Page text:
- The Washington Times - Thursday, October 19, 2000

Panel stays order on Texas health care

AUSTIN, Texas A federal appeals court yesterday granted the state's request to delay court-ordered changes to its children's Medicaid program.
The ruling by the 5th U.S. Circuit Court of Appeals overturns a ruling last week by U.S. District Court Judge William Justice denying the request.
The plan was part of Judge Justice's Aug. 14 order that said Texas does not give adequate dental care, regular checkups, transportation to doctors or information about available services to children in Medicaid.
Texas is appealing the entire Aug. 14 order. The appeals court granted the delay until oral arguments, which have not yet been set, are heard.

Cord blood transplant called a success

MINNEAPOLIS Doctors declared success yesterday in the groundbreaking case of an ailing 6-year-old girl who received a transplant of umbilical cord blood from her made-to-order baby brother.
Molly Nash suffered from Fanconi anemia, a genetic disorder that prevented her body from making bone marrow. Without the transplant, the disease almost certainly would have killed the Englewood, Colo., girl by age 35, perhaps decades earlier.
Three weeks after the transplant, tests show it is working, and Molly is nearly ready to go home, said Dr. John Wagner of the University of Minnesota.
The cord blood came from Molly's brother, Adam, a test-tube baby who was born Aug. 29 after his parents genetically screened and selected an embryo to make sure he would be free of Molly's disease and would be a compatible tissue donor.

Astronauts fire up jetpacks for testing

CAPE CANAVERAL, Fla. Two spacewalking astronauts wrapped up construction work outside the international space station yesterday, then fired up their jetpacks and cruised around.
Jeff Wisoff and Michael Lopez-Alegria took turns jetting over and around space shuttle Discovery's payload bay to test the small nitrogen-powered rocket backpack that someday could save an astronaut's life.
The miniature jetpack, called Safer, is meant for space station use. Without the jetpack, an astronaut could drift away and become lost in space. NASA insisted the spacewalkers be tethered for the jetpack demonstration.
Earlier yesterday, the two astronauts completed the Discovery crew's fourth and final spacewalk in as many days to install two new space station components.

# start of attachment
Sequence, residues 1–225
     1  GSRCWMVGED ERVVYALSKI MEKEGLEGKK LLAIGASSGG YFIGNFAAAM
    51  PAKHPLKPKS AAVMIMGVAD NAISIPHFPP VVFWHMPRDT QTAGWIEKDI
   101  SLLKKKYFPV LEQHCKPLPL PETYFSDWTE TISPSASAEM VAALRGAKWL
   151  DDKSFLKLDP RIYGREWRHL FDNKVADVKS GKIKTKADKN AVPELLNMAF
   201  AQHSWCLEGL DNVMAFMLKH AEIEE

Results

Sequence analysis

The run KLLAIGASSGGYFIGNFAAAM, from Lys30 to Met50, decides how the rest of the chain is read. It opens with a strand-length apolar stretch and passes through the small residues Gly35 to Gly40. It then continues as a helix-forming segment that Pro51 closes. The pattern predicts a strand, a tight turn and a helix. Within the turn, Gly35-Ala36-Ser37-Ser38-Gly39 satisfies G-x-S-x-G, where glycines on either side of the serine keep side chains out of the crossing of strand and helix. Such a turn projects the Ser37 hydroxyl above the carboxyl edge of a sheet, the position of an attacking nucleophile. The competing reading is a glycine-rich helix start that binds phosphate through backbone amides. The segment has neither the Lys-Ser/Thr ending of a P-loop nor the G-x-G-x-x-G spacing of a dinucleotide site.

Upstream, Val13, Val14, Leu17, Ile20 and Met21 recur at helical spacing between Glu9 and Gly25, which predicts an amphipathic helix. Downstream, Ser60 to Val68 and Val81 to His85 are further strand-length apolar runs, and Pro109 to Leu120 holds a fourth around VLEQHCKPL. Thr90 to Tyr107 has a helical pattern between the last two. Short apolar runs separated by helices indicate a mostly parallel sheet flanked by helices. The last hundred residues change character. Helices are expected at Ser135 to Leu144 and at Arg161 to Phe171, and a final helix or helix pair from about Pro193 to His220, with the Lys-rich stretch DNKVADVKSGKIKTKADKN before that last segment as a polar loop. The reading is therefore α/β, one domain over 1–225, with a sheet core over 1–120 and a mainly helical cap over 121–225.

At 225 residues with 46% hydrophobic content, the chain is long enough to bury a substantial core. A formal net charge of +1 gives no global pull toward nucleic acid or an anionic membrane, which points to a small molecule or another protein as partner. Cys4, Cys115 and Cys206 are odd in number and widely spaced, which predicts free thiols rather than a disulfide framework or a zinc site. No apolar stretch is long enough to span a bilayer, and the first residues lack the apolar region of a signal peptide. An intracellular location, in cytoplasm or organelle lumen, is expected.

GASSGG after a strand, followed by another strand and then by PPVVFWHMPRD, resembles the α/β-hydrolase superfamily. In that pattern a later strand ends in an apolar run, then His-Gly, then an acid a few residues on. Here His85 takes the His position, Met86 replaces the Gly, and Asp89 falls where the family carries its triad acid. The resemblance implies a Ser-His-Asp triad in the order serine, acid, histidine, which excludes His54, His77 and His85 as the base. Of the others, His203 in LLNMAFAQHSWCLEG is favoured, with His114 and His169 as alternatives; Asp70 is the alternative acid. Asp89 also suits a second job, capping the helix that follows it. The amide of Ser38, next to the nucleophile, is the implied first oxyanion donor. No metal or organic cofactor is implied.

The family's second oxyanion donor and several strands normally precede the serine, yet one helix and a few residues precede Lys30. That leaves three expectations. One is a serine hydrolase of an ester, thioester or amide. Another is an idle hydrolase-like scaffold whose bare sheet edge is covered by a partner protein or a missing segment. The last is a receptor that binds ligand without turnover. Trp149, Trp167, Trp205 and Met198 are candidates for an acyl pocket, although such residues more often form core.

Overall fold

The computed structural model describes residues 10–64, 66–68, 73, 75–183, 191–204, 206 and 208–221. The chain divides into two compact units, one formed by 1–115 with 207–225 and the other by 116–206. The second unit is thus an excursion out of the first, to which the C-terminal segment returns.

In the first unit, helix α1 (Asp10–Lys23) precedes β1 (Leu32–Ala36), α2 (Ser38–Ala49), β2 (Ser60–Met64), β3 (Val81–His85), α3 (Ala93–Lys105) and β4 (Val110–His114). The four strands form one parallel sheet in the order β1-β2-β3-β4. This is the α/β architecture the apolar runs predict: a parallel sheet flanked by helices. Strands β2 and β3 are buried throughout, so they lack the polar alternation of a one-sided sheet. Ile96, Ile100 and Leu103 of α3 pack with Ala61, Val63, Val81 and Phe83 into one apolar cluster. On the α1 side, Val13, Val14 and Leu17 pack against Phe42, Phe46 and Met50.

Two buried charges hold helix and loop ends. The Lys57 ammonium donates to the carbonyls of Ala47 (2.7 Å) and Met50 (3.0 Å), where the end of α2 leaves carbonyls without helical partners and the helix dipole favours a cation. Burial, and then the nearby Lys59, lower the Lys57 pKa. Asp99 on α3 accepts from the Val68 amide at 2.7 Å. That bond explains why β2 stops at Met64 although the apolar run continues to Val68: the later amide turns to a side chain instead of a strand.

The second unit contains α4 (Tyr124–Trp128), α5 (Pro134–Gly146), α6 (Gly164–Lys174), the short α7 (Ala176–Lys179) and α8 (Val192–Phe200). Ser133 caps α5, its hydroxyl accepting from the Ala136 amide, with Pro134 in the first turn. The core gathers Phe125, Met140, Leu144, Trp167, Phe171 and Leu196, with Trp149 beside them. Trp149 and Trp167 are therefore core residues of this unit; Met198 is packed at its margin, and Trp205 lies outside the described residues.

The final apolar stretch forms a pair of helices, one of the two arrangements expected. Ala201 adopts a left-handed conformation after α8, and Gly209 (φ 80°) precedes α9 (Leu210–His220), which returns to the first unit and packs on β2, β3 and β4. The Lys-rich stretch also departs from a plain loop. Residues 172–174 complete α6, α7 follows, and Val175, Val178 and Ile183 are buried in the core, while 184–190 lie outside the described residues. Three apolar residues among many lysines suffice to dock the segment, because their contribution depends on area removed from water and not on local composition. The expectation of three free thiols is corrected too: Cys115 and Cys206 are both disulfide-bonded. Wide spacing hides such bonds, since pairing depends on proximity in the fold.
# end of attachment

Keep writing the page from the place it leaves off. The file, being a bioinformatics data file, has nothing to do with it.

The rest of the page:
Father charged with killing infant

NEW YORK A man threw his 3-month-old son out a 15th-floor window minutes after his estranged wife called police to say he had violated an order of protection, authorities said.
The couple had been arguing over a visitation schedule regarding the infant when the woman made the call early Tuesday morning, police said.
A responding police officer saw the baby's body lying in a grassy area and summoned an ambulance. The baby, Kharle Slade, was pronounced dead at the scene.
Derek Slade, 30, was arrested at the home. Later on Tuesday, he was charged with second-degree murder and was ordered held without bail.

Hundreds of sharks die off Florida coast

PANAMA CITY, Fla. Hundreds of dead sharks have been washing up on beaches along the Gulf of Mexico, and officials are baffled by what's causing their deaths.
"We really have no idea," said Jack Mobley, a wildlife biologist at Tyndall Air Force Base, where about 50 sharks, mostly blacktips and some up to 5 feet long, had washed up. "There needs to be tests done before that can be determined."
The sharks started showing up Monday in waters off the Florida Panhandle. Officials estimate that 200 to 300 sharks have died.
Traces of blood reported on nostrils and gills of some sharks suggest an infection might be the culprit, said Mike Brim, an ecologist with the U.S. Fish and Wildlife Service.

Judge orders subsidies of some abortions

INDIANAPOLIS A judge ruled yesterday that pregnant women who qualify for Medicaid must be reimbursed for abortions deemed medically necessary.

Indiana law let Medicaid funds be used for abortions only when the woman's life is in danger or in cases of rape or incest.

Marion County Superior Court Judge Susan Macey Thompson found the state rules unconstitutional, saying that if the state provides Medicaid funding for stipulated abortions, "medical necessity" must be among them.

The rule "allows the state to substitute its judgment for that of learned medical professionals in an effort to promote a particular moral agenda," she wrote, calling such grounds unconstitutional.

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